Posted on Friday, June 29th, 2012
Today, the House voted to hold Attorney General Eric Holder in contempt of Congress over his failure to turn over documents related to the ATF program dubbed “Fast and Furious.” In case you’ve missed the news, “Fast and Furious” is the term used for an ATF investigative tactic that involved allegedly refraining from seizing guns that ATF agents believed were headed to criminals in Mexico. According to Republicans in Congress, ATF agents refused to seize these guns, even though they knew they were likely to be used in crimes, because they wanted to follow the guns to the criminal ringleaders. However, an article released yesterday in Fortune magazine suggests that the real reason the ATF agents didn’t intercede was because ATF’s legal advisors – the prosecutors who would have had to justify seizing the weapons in court – pointed out that no gun laws were being broken.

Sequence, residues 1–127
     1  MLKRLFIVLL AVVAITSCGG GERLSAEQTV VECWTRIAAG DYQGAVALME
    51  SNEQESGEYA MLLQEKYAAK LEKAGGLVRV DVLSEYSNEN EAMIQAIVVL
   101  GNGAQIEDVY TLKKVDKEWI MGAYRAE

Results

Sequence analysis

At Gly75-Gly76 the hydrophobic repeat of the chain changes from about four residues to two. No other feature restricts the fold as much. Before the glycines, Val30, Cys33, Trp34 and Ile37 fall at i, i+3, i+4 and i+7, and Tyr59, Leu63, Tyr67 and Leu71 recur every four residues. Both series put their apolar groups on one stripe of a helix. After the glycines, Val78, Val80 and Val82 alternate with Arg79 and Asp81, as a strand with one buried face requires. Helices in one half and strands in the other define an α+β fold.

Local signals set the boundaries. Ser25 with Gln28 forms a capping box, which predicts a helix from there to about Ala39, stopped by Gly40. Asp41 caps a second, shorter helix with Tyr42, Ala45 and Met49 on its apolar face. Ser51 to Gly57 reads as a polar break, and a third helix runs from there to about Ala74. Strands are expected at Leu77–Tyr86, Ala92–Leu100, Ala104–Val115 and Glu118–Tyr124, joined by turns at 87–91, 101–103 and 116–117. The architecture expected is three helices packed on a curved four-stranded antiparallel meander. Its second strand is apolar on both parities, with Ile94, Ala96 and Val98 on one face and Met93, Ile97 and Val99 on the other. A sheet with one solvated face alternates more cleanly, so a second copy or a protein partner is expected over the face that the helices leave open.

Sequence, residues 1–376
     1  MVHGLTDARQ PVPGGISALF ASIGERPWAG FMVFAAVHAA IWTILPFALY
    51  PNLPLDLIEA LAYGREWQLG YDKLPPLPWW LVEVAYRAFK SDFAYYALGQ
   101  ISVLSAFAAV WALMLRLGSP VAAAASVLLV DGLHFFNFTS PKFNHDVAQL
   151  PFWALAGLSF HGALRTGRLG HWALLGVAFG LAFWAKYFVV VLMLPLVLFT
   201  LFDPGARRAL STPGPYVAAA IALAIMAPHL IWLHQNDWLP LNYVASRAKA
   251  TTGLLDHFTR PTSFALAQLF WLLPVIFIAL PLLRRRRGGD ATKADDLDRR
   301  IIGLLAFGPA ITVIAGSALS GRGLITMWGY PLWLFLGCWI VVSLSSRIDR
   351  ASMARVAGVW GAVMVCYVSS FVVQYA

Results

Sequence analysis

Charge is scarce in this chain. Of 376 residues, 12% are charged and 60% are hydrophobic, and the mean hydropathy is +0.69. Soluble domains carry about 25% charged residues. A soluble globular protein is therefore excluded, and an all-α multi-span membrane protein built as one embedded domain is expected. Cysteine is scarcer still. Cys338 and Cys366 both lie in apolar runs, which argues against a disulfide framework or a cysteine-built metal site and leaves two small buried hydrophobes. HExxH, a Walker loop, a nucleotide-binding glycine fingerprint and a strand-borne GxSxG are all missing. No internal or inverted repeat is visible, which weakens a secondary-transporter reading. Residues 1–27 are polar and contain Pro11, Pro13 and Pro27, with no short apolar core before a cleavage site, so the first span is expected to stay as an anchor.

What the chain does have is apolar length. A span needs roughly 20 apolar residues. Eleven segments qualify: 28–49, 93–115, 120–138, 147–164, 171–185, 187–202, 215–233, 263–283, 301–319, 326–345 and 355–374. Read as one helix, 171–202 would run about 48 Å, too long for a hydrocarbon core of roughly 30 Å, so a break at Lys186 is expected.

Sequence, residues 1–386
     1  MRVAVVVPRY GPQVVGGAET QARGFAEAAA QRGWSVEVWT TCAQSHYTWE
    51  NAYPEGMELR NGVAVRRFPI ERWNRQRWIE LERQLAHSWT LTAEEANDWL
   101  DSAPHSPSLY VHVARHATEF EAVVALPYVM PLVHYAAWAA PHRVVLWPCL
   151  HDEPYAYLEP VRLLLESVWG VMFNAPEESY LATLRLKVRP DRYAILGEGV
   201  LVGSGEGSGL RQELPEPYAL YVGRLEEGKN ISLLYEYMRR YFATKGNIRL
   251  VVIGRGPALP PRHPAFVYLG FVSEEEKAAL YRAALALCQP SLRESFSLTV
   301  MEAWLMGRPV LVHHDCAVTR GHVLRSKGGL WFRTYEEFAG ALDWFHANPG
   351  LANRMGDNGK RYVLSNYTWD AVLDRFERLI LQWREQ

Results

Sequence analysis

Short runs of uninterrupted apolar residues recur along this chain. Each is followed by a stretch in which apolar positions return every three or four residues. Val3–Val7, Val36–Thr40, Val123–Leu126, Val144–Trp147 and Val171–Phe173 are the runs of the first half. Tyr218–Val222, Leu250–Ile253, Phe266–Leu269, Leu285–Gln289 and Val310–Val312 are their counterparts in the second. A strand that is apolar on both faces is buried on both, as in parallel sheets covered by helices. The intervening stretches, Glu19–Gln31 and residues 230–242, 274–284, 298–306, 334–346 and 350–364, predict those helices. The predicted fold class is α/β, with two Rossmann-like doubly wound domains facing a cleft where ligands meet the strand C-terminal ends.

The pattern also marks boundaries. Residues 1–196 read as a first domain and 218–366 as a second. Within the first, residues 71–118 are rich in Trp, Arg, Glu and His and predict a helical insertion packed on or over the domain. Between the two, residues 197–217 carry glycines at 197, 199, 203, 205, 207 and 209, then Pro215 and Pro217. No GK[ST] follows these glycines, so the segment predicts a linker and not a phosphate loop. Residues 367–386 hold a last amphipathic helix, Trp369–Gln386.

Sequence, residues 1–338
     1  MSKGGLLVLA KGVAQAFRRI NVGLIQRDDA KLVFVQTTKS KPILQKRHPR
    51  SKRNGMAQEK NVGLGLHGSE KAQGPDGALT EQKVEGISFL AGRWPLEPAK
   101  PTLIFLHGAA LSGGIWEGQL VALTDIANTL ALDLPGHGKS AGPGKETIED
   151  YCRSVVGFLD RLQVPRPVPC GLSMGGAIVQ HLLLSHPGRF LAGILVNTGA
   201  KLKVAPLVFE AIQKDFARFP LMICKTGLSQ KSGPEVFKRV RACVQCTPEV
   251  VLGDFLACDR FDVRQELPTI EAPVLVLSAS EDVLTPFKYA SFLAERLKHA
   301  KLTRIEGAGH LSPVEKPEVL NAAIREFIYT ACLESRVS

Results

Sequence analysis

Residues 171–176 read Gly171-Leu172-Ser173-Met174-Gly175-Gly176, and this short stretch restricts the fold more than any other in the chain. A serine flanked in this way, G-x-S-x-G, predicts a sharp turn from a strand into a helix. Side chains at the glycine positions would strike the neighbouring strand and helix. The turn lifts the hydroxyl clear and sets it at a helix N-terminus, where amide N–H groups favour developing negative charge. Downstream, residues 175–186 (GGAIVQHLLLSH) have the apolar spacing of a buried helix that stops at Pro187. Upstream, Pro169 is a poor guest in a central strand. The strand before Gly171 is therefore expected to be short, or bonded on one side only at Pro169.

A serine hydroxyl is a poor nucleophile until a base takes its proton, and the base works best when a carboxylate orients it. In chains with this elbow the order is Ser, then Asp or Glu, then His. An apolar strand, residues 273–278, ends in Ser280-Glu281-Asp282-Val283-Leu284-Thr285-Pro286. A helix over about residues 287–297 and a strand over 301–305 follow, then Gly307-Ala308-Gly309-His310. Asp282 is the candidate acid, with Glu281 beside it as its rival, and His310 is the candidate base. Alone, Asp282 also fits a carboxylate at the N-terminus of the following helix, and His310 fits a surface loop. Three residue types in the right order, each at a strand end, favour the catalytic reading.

No gun laws were being broken? Considering the recent bloodshed in Mexico, this may appear hard to believe. Between 2006 and 2010, more than 23,000 people were killed in drug cartel violence south of the border. When the guns that are used in these crimes are traced, it turns out that 90% of these guns originated from gun dealers in the United States. Almost all of the guns being used by the cartels had originally been purchased at gun shops in the U.S. (mainly in Texas, Arizona, and California), then passed from hand to hand until they reached criminals in Mexico. Surely, you say, this level of gun trafficking can’t be legal. READ MORE »